Energy Systems and Climate Change
Fall 2015 and Winter 2016 quarters
This interdisciplinary program will study how energy is harvested and transformed, used or abused by humans. We will explore interactions between natural systems and human systems to understand global changes currently affecting the Earth system. What is the evidence for, what are the consequences of, and what can be done about global warming? How can we find our personal roles in addressing the challenges facing Earth and its inhabitants?
We will study solutions ranging from renewable energy to sustainable farming and (insert your idea here). Our approach is based in natural science, with an emphasis on critical thinking. This challenging and rewarding two-quarter program will include lectures and workshops by faculty and guest lecturers; seminars on books and articles; inquiry-based writing and peer feedback; qualitative and quantitative reasoning and problem solving; and hands-on research projects in spring, to engage our inquiry and learning together.
In fall, our work will include research planning for students interested in more advanced studies in spring. Every student will write several short inquiry-based essays, and will respond to peers' writing, in addition to participating in face-to-face seminars. Small teams will meet at least twice weekly to discuss readings and prepare for class together. Students will make presentations in class on current topics of interest, and teams will facilitate discussions. No mathematical or technical design texts or prerequisites are required in winter quarter.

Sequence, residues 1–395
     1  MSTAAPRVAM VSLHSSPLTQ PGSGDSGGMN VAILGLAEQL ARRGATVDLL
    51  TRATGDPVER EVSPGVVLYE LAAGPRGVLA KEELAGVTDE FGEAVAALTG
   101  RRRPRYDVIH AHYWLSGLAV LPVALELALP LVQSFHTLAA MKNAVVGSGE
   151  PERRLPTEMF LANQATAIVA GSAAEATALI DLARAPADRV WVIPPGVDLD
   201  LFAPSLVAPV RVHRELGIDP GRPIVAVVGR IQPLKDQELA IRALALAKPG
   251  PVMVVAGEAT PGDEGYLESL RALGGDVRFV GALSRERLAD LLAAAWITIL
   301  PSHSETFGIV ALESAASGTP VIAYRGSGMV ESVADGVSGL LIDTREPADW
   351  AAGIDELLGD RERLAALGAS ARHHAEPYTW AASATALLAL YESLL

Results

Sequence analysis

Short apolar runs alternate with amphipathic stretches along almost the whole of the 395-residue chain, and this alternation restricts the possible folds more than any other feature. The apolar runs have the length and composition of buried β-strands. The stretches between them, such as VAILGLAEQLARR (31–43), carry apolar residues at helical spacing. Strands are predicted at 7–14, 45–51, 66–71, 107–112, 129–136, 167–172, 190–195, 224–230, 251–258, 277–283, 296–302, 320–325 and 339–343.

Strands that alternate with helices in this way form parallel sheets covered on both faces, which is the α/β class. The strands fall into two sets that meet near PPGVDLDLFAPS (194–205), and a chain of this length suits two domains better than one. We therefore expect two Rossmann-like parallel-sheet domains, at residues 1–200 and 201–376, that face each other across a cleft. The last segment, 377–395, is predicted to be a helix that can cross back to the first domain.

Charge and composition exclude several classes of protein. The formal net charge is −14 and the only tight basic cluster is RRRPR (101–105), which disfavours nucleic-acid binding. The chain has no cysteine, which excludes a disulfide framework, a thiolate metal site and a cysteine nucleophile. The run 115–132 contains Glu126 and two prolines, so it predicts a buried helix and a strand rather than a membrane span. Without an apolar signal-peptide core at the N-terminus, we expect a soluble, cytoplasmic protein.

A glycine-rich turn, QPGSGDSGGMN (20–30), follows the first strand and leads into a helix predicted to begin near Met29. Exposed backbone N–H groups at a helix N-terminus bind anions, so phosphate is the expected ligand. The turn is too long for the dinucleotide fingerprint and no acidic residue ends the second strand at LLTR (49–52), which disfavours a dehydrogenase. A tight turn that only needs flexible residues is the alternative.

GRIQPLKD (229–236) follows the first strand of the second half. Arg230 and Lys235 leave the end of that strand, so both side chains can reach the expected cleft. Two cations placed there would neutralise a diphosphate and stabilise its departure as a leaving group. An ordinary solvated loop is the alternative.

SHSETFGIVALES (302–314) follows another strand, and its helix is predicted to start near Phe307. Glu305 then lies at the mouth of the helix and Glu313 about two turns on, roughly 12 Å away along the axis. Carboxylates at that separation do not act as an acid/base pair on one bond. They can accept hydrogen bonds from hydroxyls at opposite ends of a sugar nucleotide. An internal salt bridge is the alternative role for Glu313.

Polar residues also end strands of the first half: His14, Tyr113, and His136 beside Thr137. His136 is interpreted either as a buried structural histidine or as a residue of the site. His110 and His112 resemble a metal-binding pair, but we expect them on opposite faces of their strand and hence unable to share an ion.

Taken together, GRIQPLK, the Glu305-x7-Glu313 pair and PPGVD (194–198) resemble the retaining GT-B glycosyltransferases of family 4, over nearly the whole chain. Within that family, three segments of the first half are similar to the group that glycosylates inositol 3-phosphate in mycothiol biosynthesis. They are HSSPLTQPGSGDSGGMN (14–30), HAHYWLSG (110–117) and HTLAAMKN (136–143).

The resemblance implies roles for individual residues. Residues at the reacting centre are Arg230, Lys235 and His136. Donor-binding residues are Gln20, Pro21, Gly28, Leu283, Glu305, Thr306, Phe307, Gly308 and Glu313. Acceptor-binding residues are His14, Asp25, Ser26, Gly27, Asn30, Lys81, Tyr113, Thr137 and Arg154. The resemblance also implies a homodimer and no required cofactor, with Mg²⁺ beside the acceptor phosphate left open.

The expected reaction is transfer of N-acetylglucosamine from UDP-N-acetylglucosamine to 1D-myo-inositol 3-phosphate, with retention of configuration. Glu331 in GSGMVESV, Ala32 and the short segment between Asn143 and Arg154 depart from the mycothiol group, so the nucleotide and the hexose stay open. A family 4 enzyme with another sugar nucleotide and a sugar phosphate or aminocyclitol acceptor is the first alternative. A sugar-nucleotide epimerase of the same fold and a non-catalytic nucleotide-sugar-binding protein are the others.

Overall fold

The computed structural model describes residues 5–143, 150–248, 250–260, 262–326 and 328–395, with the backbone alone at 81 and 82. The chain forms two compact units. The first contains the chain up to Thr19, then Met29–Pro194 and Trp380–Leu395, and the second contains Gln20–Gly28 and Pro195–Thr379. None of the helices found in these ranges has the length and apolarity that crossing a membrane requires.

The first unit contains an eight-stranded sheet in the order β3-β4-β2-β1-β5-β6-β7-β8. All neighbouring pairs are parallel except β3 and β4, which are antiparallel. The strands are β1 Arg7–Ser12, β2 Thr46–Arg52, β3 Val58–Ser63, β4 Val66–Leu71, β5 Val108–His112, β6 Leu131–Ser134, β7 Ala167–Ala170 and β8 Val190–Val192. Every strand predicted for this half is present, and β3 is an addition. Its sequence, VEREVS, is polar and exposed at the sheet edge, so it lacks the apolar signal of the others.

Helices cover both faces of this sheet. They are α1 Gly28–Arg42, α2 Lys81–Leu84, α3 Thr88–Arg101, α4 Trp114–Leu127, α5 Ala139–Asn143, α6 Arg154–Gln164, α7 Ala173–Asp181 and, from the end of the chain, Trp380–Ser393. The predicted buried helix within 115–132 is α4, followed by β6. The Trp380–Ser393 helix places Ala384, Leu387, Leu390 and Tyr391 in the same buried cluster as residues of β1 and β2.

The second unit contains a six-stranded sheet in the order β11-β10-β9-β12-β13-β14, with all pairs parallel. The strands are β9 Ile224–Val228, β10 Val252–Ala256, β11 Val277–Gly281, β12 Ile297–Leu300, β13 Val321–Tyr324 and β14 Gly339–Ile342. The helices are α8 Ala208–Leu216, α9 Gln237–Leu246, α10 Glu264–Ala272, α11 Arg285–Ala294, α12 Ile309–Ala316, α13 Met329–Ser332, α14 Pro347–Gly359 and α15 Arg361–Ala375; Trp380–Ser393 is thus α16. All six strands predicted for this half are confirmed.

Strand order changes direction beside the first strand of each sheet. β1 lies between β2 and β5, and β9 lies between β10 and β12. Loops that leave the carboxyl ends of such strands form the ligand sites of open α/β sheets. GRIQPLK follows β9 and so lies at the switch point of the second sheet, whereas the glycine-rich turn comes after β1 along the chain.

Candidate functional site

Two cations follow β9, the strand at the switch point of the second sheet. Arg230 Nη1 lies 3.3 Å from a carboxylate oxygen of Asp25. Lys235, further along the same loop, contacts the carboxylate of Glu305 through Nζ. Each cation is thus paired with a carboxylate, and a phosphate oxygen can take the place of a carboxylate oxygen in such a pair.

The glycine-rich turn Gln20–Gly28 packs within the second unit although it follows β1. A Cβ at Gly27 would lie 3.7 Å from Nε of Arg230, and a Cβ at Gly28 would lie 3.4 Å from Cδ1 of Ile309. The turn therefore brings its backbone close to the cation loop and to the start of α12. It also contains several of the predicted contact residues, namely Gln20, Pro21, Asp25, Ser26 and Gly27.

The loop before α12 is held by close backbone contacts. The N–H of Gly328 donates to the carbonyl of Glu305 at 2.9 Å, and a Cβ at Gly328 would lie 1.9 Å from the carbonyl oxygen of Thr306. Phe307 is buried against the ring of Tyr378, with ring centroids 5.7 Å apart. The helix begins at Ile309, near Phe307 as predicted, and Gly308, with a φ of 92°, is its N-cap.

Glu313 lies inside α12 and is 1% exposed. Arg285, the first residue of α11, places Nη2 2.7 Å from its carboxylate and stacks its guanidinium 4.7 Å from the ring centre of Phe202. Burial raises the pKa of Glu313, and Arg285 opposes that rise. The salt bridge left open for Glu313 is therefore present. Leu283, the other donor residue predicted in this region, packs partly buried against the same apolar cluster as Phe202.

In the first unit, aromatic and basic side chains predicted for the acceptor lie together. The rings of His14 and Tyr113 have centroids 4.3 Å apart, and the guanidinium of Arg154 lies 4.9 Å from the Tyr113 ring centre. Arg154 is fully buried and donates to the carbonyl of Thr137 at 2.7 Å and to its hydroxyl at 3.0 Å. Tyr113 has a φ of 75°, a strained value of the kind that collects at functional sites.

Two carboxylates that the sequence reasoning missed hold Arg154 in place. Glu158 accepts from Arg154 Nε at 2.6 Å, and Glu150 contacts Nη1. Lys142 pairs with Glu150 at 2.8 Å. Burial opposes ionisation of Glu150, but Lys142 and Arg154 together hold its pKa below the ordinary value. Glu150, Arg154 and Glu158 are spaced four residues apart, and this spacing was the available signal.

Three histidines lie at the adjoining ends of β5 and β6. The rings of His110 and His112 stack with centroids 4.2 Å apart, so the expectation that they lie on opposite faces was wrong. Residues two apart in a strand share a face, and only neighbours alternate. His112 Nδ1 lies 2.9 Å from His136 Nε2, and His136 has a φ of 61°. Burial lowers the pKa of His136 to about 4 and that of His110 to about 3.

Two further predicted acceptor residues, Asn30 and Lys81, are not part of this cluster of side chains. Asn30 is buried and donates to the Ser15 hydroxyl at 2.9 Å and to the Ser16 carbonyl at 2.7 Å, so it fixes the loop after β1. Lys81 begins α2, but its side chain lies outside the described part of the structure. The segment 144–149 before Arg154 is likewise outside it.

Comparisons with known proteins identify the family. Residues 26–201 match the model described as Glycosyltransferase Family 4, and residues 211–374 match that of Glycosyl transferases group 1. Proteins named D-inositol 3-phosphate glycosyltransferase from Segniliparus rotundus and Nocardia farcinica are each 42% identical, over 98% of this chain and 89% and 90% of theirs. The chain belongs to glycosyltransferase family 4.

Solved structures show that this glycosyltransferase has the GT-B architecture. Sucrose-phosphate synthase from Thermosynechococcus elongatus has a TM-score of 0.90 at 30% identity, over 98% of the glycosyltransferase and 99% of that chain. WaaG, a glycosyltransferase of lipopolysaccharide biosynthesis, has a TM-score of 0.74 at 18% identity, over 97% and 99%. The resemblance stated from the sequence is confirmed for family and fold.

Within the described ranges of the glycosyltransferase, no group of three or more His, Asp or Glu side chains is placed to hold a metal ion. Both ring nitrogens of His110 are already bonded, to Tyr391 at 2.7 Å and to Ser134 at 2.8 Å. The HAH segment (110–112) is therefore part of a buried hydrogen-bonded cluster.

Our efforts in winter will include more challenging quantitative work, including research projects. Every student will write several short inquiry-based essays, and will respond to peers' writing, in addition to face-to-face seminars. Students will build on quantitative problem solving begun together in the classroom. Small teams of your choice will meet weekly to discuss readings and prepare for class together. Students will do research projects, make presentations in class and at regional meetings, and write research reports. Research projects typically range from greenhouse gas reduction projects to sustainable energy, agriculture, building, or urban planning.
Fields of Study
Preparatory for studies or careers in
Location and Schedule
Offered during: Day
Advertised schedule: First winter class time: Tuesday, January 5 at 12:30pm (Lib 4300)
Upper Division Science Credit
|November 17th, 2015||This program will accept new winter enrollment without signature; students must have previously taken pre-calculus and have good reading and writing skills, readiness to join classmates on an established research project, and ability to use the internet for weekly assignments.|